Daily Archives: December 9, 2008

December 12, 2008 — Contents


(1)  EDITORIAL:  A Russian Selection

(2)  EDITORIAL:  OMG! Are we Actually Winning?

(3)  In Russia, Now Business Journalists Come under Fire

(4)  Russia is #1! (oops, in Bribe Taking)

(5) In Moscow, the Mother of all Crashes

EDITORIAL: A Russian Selection


A Russian Selection

In decision science they speak of a “Hobson’s Choice” in which the decision maker is given only a take-it-or-leave-it alternative, much as was the case in “elections” in the USSR.  Then there is a “Morton’s Fork” scenario, which which two actual alternatives are presented but they lead to the same nasty result.  This is what Russian voters faced in 2000 when they had to choose between a card-carrying Communist aparachik and a proud KGB spy for president.  Neither model is adequate to encapsulate the horror of decisionmaking in Vladimir Putin’s neo-Soviet Russia.  A new term must be found.

The Moscow Times reports that upon the demise of KGB spy and Russian pope Alexei II (who collaborated with proud KGB spy Vladimir Putin from the onset of Putin’s time in government and helped to assist Putin on the way to becoming a Holy Russian Emperor) the Russian church is offering two candidates for succession.  Russia will either have Kirill, a maniacal funamentalist, or Kliment, a shameless Kremlin shill.  It’s the same as choosing between Vladimir Zhirinovsky and Dimitri Medvedev as Vladimir Putin’s so-called successor.

Call it a “Russian Selection.”

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EDITORIAL: OMG! Are we Actually Winning?


OMG! Are we Actually Winning?

This blog experienced a watershed moment after Russia’s invasion of Georgia, when we suddenly became conventional wisdom after having been accused of extremism for several years.  Actually, the real turning point had been marked a bit earlier, when as the Russian stock market began to sputter we were cited by the prestigious mainstream publication the New York Review of Books.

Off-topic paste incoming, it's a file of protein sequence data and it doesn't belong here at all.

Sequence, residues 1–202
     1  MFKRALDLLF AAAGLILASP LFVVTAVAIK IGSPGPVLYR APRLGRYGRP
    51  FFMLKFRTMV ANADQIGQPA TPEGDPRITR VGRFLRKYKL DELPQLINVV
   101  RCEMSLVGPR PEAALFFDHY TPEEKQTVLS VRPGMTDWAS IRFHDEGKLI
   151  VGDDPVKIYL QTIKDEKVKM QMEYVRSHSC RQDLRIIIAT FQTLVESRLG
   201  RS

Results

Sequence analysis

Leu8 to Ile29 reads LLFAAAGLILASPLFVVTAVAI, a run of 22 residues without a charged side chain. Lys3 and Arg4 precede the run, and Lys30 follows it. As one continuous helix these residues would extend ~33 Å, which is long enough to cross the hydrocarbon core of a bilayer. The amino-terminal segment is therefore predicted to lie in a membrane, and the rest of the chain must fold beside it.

It’s tempting to think that now as the year draws to a close we may be experiencing a second watershed moment, in which our policies actually begin to score tactical victories in battle against the Kremlin.  Our first great victory came when we drove the story of Oleg Kozlovsky into the mainstream press, winning not only major news stories in the Washington Post and Chicago Tribune but also a precious op-ed column for Kozlovsky in the Post, which then blossomed into a major human rights award and blogging on the Huffington Post blog.  In the wake of this coverage, Kozlovsky’s illegal internment in the Russian army was reversed.

And now, we’ve seen a stunning series of further sharp raps on the Kremlin’s boney knuckles.

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In Putin’s Russia, now Business Journalists Come under Fire

Earlier this week we linked to a piece from Alex Rodriguez, one of the best Russia journalists in the world, from his paper the Chicago Tribune.  Rodriguez recited a litany of incidents of the Kremlin cracking down on journalists who dared to use the word “crisis” in describing Russia’s current economic picture.  One incident Rodriguez described was as follows: “Russia’s business daily, Vedomosti, received a warning from Russian authorities after it published an article by economist Yevgeny Gontmakher that discussed the potential in Russia for unrest spurred by the economic crisis.”